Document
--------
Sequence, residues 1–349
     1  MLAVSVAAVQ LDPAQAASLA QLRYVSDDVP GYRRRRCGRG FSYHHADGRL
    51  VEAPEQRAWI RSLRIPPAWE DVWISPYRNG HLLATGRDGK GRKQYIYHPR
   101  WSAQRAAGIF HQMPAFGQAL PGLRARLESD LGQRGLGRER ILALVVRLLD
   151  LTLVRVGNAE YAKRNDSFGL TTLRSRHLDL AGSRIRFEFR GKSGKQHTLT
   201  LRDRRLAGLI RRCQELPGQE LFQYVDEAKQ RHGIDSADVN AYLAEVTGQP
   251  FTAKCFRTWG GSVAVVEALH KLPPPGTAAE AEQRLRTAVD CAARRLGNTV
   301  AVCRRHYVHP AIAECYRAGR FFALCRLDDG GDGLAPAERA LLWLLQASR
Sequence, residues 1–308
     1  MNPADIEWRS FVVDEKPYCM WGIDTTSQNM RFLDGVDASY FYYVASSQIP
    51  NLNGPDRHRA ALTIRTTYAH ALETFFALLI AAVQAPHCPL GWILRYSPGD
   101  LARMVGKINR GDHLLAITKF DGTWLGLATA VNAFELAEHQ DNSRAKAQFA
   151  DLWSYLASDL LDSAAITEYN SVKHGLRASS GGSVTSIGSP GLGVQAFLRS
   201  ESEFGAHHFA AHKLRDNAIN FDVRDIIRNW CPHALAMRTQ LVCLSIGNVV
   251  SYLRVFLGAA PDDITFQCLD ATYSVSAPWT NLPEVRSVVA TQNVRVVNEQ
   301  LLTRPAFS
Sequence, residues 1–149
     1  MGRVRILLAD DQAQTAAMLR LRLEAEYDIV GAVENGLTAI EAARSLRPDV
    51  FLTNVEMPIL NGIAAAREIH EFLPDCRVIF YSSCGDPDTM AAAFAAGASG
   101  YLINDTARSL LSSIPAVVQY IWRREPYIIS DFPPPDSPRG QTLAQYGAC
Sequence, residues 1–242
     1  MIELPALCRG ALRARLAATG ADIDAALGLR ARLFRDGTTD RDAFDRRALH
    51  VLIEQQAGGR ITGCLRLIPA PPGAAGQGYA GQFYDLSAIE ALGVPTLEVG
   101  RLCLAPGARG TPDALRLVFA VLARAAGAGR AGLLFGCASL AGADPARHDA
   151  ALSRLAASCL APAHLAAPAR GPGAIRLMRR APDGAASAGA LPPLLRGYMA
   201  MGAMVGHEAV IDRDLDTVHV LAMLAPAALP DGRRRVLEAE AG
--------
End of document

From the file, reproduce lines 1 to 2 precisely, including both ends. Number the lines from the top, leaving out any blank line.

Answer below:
Sequence, residues 1–349
     1  MLAVSVAAVQ LDPAQAASLA QLRYVSDDVP GYRRRRCGRG FSYHHADGRL